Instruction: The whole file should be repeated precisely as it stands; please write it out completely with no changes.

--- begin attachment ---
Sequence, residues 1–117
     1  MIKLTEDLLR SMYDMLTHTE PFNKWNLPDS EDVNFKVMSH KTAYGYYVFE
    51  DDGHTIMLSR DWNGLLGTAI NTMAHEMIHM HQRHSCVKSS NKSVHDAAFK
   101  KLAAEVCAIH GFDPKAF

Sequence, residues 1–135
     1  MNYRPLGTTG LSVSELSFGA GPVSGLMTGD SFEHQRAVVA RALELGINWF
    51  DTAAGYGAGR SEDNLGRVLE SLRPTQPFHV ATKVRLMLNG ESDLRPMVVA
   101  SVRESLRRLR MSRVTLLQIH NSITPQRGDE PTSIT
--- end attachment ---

Sequence, residues 1–117
     1  MIKLTEDLLR SMYDMLTHTE PFNKWNLPDS EDVNFKVMSH KTAYGYYVFE
    51  DDGHTIMLSR DWNGLLGTAI NTMAHEMIHM HQRHSCVKSS NKSVHDAAFK
   101  KLAAEVCAIH GFDPKAF

Sequence, residues 1–135
     1  MNYRPLGTTG LSVSELSFGA GPVSGLMTGD SFEHQRAVVA RALELGINWF
    51  DTAAGYGAGR SEDNLGRVLE SLRPTQPFHV ATKVRLMLNG ESDLRPMVVA
   101  SVRESLRRLR MSRVTLLQIH NSITPQRGDE PTSIT